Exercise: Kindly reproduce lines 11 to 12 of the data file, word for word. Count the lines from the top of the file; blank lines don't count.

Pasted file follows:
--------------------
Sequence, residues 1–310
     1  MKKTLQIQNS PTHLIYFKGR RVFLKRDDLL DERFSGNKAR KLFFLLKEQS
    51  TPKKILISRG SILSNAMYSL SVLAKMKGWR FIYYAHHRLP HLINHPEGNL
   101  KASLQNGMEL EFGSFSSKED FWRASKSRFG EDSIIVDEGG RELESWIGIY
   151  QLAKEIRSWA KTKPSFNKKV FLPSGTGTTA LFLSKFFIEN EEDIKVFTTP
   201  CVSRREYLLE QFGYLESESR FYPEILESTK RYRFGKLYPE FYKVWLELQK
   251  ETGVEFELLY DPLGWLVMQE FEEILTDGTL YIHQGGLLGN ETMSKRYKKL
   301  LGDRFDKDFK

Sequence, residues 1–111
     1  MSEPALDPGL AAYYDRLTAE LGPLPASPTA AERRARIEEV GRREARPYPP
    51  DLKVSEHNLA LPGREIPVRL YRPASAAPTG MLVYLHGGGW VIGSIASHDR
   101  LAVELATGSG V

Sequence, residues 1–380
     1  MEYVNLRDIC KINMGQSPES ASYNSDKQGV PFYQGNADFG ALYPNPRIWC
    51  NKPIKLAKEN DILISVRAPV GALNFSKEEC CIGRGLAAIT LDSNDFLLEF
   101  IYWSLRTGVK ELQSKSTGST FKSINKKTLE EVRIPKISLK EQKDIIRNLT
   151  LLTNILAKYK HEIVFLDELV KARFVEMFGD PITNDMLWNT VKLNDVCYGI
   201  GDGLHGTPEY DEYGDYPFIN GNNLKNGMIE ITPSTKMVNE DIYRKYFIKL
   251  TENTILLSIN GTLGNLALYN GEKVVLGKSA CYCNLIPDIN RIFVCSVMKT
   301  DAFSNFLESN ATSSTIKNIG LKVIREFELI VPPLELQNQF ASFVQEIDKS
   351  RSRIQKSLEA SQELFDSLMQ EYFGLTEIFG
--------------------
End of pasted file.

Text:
    51  DLKVSEHNLA LPGREIPVRL YRPASAAPTG MLVYLHGGGW VIGSIASHDR
   101  LAVELATGSG V